Evaluation of ventilation code requirements for building crawl spaces
crawl space, ventilation, computational fluid dynamics (CFD), soil moisture evaporation, building code
Building ventilation code requirements for crawl spaces were reviewed from 1937 to today and though remain largely unchanged, provide designers and builders flexibility in moisture control methods. This study evaluates the current building ventilation code requirements for at-grade and below grade crawl space using computational fluid dynamic (CFD) software with experiment inputs. The research first tested the soil moisture evaporation rate from two monitored crawl spaces in Colorado, US, which produces an average moisture load of 13.75 grains/(ft2·h) (9.6g/(m2·h)) and a maximum load of 42.7 grains/(ft2·h) (29.8g/(m2·h)). The soil moisture evaporation rates identified align well in magnitude with those recorded in the literature, supporting the estimation method used. The experiment reveals that plastic ground cover can effectively reduce the moisture load from the soil by an average of 93%. The study then developed a CFD model of the monitored crawl space to assess the necessity and effectiveness of various ventilation code requirements. The space effective leakage area to the exterior was determined through field pressurization testing and CFD analysis to be approximately 0.26in.2/ft2 of floor area. The CFD predictions, validated with the measured data, verify that the building code requirements for at-grade crawl spaces appear sufficient, but have limitations for below grade crawl spaces. Sealed crawl spaces perform better in humid climates, supporting previous research, and mechanical ventilation is justified for below grade crawl spaces only. The paper provides suggestions for the revisions to the current building code to recognize below grade underfloor spaces.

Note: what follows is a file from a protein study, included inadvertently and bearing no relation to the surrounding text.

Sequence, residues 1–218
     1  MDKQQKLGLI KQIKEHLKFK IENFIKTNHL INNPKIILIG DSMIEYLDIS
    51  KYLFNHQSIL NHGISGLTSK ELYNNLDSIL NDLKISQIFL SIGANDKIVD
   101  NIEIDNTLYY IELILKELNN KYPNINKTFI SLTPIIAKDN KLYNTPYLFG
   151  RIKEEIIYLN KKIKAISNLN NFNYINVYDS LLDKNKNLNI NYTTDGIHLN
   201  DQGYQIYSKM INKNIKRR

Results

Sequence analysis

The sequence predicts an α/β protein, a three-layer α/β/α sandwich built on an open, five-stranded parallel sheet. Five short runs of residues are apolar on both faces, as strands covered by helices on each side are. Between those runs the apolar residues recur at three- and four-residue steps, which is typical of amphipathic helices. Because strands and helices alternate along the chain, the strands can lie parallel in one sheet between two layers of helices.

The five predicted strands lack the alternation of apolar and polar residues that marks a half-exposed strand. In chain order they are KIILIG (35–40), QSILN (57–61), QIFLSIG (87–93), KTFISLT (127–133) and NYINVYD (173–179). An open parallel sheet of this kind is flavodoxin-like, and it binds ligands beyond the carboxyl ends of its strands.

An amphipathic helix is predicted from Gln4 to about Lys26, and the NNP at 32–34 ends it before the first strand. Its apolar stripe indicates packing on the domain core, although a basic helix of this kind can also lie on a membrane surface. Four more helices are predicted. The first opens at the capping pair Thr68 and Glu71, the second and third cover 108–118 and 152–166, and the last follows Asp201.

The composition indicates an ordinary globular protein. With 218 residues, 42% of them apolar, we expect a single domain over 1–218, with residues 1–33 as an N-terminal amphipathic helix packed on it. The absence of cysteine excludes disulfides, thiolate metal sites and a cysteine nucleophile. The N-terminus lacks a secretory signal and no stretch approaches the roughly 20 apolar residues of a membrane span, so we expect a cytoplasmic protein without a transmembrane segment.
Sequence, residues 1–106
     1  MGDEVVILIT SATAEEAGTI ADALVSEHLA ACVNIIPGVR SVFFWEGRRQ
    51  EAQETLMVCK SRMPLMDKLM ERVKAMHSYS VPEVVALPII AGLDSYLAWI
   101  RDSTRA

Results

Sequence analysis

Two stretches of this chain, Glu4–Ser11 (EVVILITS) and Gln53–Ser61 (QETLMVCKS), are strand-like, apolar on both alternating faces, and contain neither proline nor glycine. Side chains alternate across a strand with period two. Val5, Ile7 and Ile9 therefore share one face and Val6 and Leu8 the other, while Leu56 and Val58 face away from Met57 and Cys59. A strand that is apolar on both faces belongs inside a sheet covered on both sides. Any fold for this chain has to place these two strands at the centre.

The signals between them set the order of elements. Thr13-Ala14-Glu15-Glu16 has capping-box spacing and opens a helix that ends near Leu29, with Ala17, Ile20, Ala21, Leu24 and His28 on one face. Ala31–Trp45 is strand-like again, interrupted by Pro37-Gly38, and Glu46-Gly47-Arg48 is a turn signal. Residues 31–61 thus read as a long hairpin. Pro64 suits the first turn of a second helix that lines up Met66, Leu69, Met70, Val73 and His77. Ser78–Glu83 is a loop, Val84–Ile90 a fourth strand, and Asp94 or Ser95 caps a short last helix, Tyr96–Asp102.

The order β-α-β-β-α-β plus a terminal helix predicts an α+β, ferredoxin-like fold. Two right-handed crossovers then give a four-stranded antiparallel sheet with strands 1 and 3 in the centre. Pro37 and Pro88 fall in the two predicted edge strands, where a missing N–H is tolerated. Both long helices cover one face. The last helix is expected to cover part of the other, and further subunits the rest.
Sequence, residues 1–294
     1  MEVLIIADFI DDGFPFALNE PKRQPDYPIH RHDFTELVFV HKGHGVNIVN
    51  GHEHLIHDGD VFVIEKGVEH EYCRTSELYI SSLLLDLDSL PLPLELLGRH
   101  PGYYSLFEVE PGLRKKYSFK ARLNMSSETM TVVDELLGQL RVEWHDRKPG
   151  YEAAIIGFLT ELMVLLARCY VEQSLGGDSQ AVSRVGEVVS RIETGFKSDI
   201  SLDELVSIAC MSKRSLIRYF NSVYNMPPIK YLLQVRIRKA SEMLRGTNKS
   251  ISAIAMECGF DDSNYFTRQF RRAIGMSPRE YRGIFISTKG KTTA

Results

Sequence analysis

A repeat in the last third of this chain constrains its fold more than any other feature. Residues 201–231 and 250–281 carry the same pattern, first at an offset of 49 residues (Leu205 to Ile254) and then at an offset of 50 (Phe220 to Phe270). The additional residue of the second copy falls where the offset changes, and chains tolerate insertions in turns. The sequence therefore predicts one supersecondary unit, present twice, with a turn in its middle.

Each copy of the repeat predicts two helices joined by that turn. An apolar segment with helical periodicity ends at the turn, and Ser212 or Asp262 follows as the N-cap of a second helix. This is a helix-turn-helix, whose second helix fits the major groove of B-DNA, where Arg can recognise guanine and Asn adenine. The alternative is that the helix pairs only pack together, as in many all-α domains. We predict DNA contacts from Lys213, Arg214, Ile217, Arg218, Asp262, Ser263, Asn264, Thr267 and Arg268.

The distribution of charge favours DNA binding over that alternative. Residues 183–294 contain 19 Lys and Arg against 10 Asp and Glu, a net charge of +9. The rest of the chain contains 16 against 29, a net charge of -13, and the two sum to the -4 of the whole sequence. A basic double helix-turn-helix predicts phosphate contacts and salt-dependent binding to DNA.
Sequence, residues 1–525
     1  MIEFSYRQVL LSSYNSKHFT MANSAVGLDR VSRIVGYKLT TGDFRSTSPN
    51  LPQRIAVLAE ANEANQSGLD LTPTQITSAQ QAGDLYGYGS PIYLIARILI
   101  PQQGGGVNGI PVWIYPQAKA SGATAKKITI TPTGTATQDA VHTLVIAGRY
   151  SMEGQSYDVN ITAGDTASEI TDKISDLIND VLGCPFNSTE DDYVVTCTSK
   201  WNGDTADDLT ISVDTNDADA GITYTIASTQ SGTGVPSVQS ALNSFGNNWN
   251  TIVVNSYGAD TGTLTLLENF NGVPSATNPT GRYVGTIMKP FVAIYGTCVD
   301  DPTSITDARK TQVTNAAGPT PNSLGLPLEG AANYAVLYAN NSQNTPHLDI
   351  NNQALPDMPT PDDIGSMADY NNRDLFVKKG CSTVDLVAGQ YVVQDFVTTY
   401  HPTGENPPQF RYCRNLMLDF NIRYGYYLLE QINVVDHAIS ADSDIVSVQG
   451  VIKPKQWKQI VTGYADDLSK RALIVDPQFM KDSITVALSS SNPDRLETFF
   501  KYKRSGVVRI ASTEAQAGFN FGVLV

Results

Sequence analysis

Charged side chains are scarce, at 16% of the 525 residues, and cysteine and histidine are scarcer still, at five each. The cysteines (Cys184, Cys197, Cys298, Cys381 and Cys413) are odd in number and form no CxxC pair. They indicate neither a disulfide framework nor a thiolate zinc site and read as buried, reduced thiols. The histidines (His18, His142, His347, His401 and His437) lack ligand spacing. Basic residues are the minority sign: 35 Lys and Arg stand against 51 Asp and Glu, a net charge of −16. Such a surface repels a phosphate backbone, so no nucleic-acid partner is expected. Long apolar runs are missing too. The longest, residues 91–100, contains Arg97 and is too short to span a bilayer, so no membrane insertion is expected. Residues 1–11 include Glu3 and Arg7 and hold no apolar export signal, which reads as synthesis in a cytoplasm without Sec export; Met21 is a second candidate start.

Tsinghua University Press
Brian D. Erickson, Zhiqiang John Zhai. Evaluation of ventilation code requirements for building crawl spaces. Build Simul, 2008, 1(4): 311–325.